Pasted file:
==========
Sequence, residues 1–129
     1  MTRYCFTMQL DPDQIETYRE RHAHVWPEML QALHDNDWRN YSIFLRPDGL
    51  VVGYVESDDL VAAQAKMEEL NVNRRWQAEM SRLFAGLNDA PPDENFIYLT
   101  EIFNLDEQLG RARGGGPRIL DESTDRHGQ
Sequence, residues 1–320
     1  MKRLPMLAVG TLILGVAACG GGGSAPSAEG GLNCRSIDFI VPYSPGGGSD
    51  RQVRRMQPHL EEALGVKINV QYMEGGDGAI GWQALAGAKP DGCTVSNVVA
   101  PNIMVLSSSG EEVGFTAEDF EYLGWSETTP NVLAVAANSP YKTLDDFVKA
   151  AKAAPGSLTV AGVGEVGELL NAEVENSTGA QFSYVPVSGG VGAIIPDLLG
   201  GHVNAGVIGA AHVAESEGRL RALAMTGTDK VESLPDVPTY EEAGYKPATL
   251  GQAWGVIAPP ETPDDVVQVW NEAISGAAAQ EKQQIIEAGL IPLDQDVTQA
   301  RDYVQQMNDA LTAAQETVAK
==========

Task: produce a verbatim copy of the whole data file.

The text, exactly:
Sequence, residues 1–129
     1  MTRYCFTMQL DPDQIETYRE RHAHVWPEML QALHDNDWRN YSIFLRPDGL
    51  VVGYVESDDL VAAQAKMEEL NVNRRWQAEM SRLFAGLNDA PPDENFIYLT
   101  EIFNLDEQLG RARGGGPRIL DESTDRHGQ
Sequence, residues 1–320
     1  MKRLPMLAVG TLILGVAACG GGGSAPSAEG GLNCRSIDFI VPYSPGGGSD
    51  RQVRRMQPHL EEALGVKINV QYMEGGDGAI GWQALAGAKP DGCTVSNVVA
   101  PNIMVLSSSG EEVGFTAEDF EYLGWSETTP NVLAVAANSP YKTLDDFVKA
   151  AKAAPGSLTV AGVGEVGELL NAEVENSTGA QFSYVPVSGG VGAIIPDLLG
   201  GHVNAGVIGA AHVAESEGRL RALAMTGTDK VESLPDVPTY EEAGYKPATL
   251  GQAWGVIAPP ETPDDVVQVW NEAISGAAAQ EKQQIIEAGL IPLDQDVTQA
   301  RDYVQQMNDA LTAAQETVAK